The Circus Maximus Experience, opened in Rome this week and offers visitors the chance to relive the ancient splendors of chariot racing in the Imperial period of Rome through augmented and virtual reality. The innovative project implements interactive display technologies never before used in such a large outdoor area.
“Now you find yourself in front of the Arch of Titus, which was possibly built in the place of a more ancient arch and dedicated in the year 81 After Christ by the Roman Senate and people to Emperor Flavius”.
This is just an example of what modern-day visitors will be listening to in their headsets, while at the same time through special visors see a virtual rendering of the majestic 20-meter Arch of Titus in Rome’s Circus Maximus.
Thanks to a ground-breaking project using interactive display technology never before used in such an extended outdoor area, visitors are able to re-live the life in one of Rome’s undisputed landmarks.
Visitors immerse themselves in history for with overlapping images from the past and those of the reality of today. They are able to visualize architectural and landscape reconstructions of what life was like during all of the historical stages of the Circus Maximus.
They can see the ancient Murcia Valley enriched with buildings and walk around in the Circus among the shops of the time. They can visualize the Circus during Imperial times, the Middle Ages and in a more modern age.
The full itinerary involves eight stops including: the valley and the origins of the Circus, the Circus from Julius Caesar to Trajan, the Circus during the Imperial age, the cavea or tiered seating arena, the Arch of Titus, the tabernae or shops, the Circus during the Middle Ages and modern age, and lastly “A Day at the Circus” for an experience of the exciting chariot race of the quadrigas with the screams of incitement of the public and the overturning of wagons.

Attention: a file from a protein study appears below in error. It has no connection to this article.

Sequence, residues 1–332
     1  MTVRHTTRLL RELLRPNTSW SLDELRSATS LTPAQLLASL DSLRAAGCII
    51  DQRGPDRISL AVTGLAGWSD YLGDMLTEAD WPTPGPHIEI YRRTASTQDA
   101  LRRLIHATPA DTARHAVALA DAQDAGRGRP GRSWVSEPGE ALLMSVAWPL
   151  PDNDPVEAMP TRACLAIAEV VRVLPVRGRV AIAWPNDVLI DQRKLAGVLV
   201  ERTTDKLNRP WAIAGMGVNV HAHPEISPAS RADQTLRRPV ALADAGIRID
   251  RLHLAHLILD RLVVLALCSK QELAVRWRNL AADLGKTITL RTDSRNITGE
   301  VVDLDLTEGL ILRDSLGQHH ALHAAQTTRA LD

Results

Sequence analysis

Virtual reality (VR) technology can identify early Alzheimer’s disease more accurately than ‘gold standard’ cognitive tests currently in use, says a study.
The findings, published in the journal Brain, highlight the potential of new technologies to help diagnose and monitor conditions such as Alzheimer’s disease.
“These results suggest a VR test of navigation may be better at identifying early Alzheimer’s disease than tests we use at present in clinic and in research studies,” said study lead author Dennis Chan, Professor at the University of Cambridge in Britain.
The researchers developed and trialled a VR navigation test in patients at risk of developing dementia.
For the study, the research team recruited 45 patients with mild cognitive impairment (MCI). Patients with MCI typically exhibit memory impairment.
They took samples of cerebrospinal fluid (CSF) to look for biomarkers of underlying Alzheimer’sdisease in their MCI patients, with 12 testing positive. The researchers also recruited 41 healthy controls for comparison.
All of the patients with MCI performed worse on the navigation task than the healthy controls. However, the study yielded two crucial additional observations.
First, MCI patients with positive CSF markers — indicating the presence of Alzheimer’s disease, thus placing them at risk of developing dementia — performed worse than those with negative CSF markers at low risk of future dementia.
Secondly, the VR navigation task was better at differentiating between these low and high risk patients with mild cognitive impairment than a battery of currently-used tests considered to be gold standard for the diagnosis of early Alzheimer’s, the study said.
The researchers are now working towards developing apps for detecting the disease and monitoring its progression.
“We live in a world where mobile devices are almost ubiquitous, and so app-based approaches have the potential to diagnose Alzheimer’s disease at minimal extra cost and at a scale way beyond that of brain scanning and other current diagnostic approaches,” Chan said. (IANS)